News State NSW News Ex-RSL NSW boss admits to spending $475,000 on corporate credit card

Ex-RSL NSW boss admits to spending $475,000 on corporate credit card

Former RSL NSW president Don Rowe
Don Rowe resigned as NSW RSL president in 2014, citing his ill-health. Photo: Wikimedia Commons: Bidgee
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The former boss of the NSW RSL has admitted spending the charity’s funds on his mortgage as well as family phone bills, flights, meals and accommodation in his presidential suite at a Sydney hotel.

Don Rowe headed the NSW-based veterans’ support arm from 2003 until he stepped down in late 2014, for reasons at the time attributed to ill health.

In fact, he was given an ultimatum by the then-national RSL treasurer Rob White to either quit or face an audit into his expenses.

The revelations were aired in Sydney on Monday during a public inquiry set up by the NSW government under the Charitable Fundraising Act.

It follows an auditor’s report last year that found Mr Rowe used his corporate credit card to pay roughly $38,000 in phone bills and withdraw $200,000 cash during his 11-year reign as president.

As president, Mr Rowe received a $20,000 annual car allowance, which he used a portion of to pay off his house mortgage, he told the inquiry.

He also used the corporate credit card to pay for family members’ telephone bills, plane tickets and at least on one occasion, paid for his children to stay in his presidential suite at a city hotel.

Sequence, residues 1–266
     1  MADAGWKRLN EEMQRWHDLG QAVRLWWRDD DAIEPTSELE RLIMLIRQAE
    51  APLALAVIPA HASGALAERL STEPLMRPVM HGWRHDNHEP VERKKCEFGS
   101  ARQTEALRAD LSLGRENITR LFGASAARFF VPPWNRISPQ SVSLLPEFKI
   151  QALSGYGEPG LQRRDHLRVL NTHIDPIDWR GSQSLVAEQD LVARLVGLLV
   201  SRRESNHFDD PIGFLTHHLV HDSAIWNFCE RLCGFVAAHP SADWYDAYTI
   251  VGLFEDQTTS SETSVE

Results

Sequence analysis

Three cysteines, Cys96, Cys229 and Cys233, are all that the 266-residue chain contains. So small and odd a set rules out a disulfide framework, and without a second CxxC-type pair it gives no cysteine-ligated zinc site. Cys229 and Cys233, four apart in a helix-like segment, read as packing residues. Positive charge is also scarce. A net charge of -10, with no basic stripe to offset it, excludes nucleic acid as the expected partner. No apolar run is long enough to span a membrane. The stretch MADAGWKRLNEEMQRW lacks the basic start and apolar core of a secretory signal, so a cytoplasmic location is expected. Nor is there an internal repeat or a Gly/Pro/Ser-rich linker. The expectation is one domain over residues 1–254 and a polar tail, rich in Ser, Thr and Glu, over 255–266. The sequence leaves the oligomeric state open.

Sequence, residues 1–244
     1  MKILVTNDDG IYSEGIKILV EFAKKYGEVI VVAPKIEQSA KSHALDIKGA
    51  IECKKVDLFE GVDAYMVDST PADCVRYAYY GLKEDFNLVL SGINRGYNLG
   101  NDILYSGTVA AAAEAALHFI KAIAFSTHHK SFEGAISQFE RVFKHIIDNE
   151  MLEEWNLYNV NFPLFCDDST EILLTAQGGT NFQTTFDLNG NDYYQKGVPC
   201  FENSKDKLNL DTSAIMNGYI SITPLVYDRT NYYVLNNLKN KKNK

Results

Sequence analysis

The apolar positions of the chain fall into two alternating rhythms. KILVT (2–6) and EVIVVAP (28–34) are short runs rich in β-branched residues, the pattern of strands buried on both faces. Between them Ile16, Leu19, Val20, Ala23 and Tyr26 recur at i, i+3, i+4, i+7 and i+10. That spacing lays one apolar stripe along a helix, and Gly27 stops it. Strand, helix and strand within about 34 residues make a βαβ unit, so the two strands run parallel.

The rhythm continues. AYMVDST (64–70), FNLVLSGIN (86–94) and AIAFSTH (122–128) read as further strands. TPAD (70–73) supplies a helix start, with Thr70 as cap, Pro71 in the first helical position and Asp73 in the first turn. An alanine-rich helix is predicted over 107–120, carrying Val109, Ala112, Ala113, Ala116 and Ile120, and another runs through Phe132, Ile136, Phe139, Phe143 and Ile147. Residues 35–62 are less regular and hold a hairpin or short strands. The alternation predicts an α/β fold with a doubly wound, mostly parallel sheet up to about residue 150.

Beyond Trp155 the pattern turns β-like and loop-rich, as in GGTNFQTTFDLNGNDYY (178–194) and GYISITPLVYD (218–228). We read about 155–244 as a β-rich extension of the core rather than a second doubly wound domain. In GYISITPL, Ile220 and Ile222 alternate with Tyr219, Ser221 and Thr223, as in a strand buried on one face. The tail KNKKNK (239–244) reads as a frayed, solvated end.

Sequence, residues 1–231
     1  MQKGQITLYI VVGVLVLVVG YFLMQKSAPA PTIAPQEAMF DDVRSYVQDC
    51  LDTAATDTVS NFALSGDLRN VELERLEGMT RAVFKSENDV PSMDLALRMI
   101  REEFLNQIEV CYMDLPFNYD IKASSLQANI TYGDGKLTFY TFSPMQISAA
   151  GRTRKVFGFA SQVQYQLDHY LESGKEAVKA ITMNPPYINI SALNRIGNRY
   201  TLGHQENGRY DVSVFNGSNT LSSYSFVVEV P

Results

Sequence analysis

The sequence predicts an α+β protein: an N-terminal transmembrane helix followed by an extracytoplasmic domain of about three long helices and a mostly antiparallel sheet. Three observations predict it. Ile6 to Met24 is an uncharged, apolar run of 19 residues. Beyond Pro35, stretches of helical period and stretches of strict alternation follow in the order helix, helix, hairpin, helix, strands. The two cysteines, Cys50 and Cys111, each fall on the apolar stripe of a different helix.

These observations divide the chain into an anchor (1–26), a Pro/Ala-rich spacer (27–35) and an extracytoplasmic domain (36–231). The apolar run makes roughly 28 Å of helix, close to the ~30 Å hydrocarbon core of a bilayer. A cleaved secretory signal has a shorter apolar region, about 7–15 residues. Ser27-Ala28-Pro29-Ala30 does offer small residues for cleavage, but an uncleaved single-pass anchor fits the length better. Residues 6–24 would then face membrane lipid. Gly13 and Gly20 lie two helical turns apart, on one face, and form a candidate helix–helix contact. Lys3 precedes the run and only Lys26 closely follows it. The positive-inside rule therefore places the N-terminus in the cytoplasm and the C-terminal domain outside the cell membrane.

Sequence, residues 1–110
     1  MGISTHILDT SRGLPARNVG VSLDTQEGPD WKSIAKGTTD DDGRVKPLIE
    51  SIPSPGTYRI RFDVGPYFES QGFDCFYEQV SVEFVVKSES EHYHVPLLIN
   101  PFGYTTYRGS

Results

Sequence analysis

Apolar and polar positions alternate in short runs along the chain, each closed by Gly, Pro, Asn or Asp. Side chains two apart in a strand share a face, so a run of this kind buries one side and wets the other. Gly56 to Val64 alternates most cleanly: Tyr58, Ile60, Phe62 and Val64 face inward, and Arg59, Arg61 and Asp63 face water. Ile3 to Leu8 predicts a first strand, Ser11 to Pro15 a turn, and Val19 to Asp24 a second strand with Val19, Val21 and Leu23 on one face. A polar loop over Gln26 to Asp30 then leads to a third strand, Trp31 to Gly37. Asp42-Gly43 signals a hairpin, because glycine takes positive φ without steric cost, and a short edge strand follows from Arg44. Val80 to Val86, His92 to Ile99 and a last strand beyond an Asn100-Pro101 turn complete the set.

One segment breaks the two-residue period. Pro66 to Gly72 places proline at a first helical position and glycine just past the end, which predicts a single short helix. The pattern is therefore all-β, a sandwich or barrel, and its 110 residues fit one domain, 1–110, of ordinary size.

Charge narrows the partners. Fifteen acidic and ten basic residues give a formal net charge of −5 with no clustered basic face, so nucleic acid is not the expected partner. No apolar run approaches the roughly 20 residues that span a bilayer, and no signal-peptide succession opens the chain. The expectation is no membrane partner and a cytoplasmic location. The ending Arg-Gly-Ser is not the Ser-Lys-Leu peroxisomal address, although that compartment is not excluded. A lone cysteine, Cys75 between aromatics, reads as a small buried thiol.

“It was indicated to me the unit is available for me at the Hyde Park Inn and for my use as I saw fit,” Mr Rowe said.

Mr Rowe, who lives in Armidale, also used the credit card to pay for his daily living expenses in Sydney and one year spent $568.96 at Coles for Christmas shopping.

While president, Mr Rowe received two pensions, but failed to declare the RSL funds he was using as income to Centrelink, the inquiry heard.

He still receives the two pensions, which are worth about $2000 a fortnight.

During his presidency, Mr Rowe was also a director of NSW RSL’s aged care arm LifeCare, which he spent about three to four hours a week working on.

In 2007 LifeCare’s directors – including Mr Rowe – voted in favour of paying themselves consultancy fees.

The fees started at $18,000 per year and by June 2016, all directors were receiving between $34,303 and $57,172 per year.

The increases were approved by the directors themselves, but Mr Rowe didn’t see a problem with it at the time.

“During my period of tenure, I failed to recognise the conflict of interest,” he told the inquiry.

Mr Rowe apologised for his role in the failure of NSW RSL, LifeCare and the RSL Welfare Benevolent Institution to comply with the charitable fundraising act and admitted the buck stopped with him.

“We’ve had a big stuff-up to be honest and I’m to blame in my position as state president,” he said.

“I certainly apologise for my own shortfallings as state president, I don’t blame anyone else.”

The inquiry continues on Wednesday.